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International Travel Rules & Regulations

The Transportation Security Administration (TSA) requires the following documentation at the security checkpoint of all airports:

*All passengers (including U.S. citizens and children, regardless of age) must have a valid passport book in order to travel to and from the United States. Passports that are damaged, including passports with bite marks; torn, missing, or separated pages; water damage, holes and other damages rendering text illegible or photos distorted, are not valid and will not be accepted.

Minors under the age of 18 are not permitted to fly unaccompanied on international flights or any itinerary that includes an international flight. If a minor is traveling with an adult over the age of 18, they must be listed on the same flight itinerary.

Government taxes and fees may vary for international travel. It is not permitted to take Ghana Cedis (Money of Ghana), out of the country. Value items need to be declared before entering Ghana. (Laptop, Camera etc.)

Additional policies for children traveling on international flights:

Health and Wellness for your trip

The CDC recommends that all international travelers are up-to-date on routine vaccines before your international trip. These vaccines include measles-mumps-rubella (MMR) vaccine, diphtheria-tetanus-pertussis vaccine, varicella (chickenpox) vaccine, polio vaccine, and your annual flu shot.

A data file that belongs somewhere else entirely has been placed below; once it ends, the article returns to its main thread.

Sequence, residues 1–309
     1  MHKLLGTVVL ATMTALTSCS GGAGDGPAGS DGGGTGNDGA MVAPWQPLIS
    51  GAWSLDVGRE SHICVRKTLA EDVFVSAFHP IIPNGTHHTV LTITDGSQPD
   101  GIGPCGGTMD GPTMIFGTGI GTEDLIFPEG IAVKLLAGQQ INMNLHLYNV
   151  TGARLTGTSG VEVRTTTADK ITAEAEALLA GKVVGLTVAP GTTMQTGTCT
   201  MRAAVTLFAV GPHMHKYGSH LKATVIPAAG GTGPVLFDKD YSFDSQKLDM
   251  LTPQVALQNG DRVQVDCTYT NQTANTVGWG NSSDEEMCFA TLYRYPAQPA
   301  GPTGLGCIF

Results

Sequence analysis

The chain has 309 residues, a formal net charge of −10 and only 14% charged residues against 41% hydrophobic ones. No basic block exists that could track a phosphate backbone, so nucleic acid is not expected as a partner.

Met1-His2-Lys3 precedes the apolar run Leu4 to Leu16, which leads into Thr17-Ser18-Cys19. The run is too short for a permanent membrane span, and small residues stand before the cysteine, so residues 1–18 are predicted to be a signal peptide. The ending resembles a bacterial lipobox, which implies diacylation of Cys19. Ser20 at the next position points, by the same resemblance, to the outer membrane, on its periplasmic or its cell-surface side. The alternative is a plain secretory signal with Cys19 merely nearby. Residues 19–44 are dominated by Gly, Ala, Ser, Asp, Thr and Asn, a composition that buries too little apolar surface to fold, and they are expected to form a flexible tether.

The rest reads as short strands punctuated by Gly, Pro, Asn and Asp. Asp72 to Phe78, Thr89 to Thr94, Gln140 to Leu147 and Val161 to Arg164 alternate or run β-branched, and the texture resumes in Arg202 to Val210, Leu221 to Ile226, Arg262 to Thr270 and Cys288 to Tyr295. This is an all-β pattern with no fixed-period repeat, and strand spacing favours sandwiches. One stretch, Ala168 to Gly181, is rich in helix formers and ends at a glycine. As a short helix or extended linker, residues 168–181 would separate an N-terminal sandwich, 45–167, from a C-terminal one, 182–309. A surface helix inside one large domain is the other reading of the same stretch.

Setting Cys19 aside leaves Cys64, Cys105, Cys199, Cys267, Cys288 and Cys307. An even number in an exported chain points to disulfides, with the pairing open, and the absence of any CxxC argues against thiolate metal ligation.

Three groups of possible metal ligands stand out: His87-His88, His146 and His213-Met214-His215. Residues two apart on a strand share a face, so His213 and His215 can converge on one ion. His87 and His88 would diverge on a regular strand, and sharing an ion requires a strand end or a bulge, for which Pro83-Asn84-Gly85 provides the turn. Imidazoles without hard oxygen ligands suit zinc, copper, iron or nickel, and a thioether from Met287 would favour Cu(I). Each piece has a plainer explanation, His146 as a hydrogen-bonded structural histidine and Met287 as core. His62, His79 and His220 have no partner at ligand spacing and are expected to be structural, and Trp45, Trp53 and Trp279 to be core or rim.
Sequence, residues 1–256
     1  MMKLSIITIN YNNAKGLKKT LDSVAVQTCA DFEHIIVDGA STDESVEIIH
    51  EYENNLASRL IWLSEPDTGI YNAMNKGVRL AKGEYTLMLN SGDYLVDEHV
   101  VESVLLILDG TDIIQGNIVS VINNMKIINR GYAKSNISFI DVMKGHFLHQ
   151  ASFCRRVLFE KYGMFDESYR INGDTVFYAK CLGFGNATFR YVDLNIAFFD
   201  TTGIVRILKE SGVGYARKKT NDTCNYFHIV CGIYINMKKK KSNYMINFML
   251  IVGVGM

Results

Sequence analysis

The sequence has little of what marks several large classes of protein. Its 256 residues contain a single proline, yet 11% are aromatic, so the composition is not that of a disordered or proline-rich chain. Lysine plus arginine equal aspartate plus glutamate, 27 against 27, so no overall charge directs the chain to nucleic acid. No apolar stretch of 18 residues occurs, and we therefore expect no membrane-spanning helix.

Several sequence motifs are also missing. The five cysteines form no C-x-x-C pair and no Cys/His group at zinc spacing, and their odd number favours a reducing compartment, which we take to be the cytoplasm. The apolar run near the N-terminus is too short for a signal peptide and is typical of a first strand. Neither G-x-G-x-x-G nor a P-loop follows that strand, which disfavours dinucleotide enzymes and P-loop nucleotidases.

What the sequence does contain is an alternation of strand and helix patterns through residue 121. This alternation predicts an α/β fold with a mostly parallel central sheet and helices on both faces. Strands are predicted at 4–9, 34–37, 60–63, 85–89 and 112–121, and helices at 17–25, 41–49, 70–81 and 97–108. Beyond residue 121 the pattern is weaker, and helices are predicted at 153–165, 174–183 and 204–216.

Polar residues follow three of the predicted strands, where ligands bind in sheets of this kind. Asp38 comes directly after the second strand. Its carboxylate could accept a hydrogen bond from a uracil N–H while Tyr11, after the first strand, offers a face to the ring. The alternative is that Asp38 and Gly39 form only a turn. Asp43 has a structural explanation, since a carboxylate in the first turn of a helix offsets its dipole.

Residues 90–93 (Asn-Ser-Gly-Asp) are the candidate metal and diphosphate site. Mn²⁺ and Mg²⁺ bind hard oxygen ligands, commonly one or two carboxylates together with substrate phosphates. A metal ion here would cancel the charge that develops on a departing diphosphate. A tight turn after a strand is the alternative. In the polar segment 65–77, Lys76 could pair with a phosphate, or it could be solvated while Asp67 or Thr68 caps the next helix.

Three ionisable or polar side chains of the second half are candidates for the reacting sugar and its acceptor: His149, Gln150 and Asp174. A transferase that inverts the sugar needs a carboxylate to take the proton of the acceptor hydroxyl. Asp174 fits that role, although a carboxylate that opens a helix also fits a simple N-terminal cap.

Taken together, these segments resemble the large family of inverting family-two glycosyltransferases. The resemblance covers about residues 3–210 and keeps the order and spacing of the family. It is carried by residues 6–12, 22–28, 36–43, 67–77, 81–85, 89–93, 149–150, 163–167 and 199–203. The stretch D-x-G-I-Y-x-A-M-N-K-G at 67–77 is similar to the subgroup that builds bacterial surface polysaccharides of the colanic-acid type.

Yellow Fever: The government of Ghana requires proof of yellow fever vaccination for all travelers, except infants. CDC recommends this vaccine for all travelers who are 9 months of age or older.

Hepatitis A: CDC recommends this vaccine to reduce the risk of contracting Hepatitis A through contaminated food or water.

Malaria: Vaccination against malaria will require you to take prescription medicine before, during, and after your trip. Your doctor can help you decide which medicine is right for you. Also, talk to you about other steps you can take to prevent malaria. *Malaria can be more severe in pregnant women. If you are pregnant, you should not travel to risk areas.

Typhoid: It is possible to contract typhoid through contaminated food or water. CDC recommends this vaccine for most international travelers, especially if you will be staying with friends or relatives, visiting smaller cities or rural areas, or if you are an adventurous eater.

Meningitis: CDC recommends this vaccine if you plan to visit Ghana during the dry season (December–June), when the disease is most common.

Rabies: Rabies can be found in dogs, bats, and other mammals. The CDC recommends this vaccine for the following groups:

More Resources for International Travelers

U.S. Department of State provides country-specific information for U.S. citizens traveling abroad and foreign citizens traveling to the United States, topics include: documentation requirements, tips for safe and healthy travel, and embassy contact information.

U.S. Department of Homeland Security invites international travelers to view multilingual videos and download brochures detailing U.S. entry/exit requirements for non-U.S. citizens. Visit their site to learn about the US-VISIT Program, machine-readable passports, and biometric enhancements.

The Centers for Disease Control and Prevention (CDC) provides country-specific information for international travelers on immunizations, disease risks, and tips for staying healthy. The World Health Organization offers additional guidance on travel-related health risks and precautions.

Mobile passport app by Airside Mobile may allow you to skip the line at US airports for Custom and Border Protection (CBP).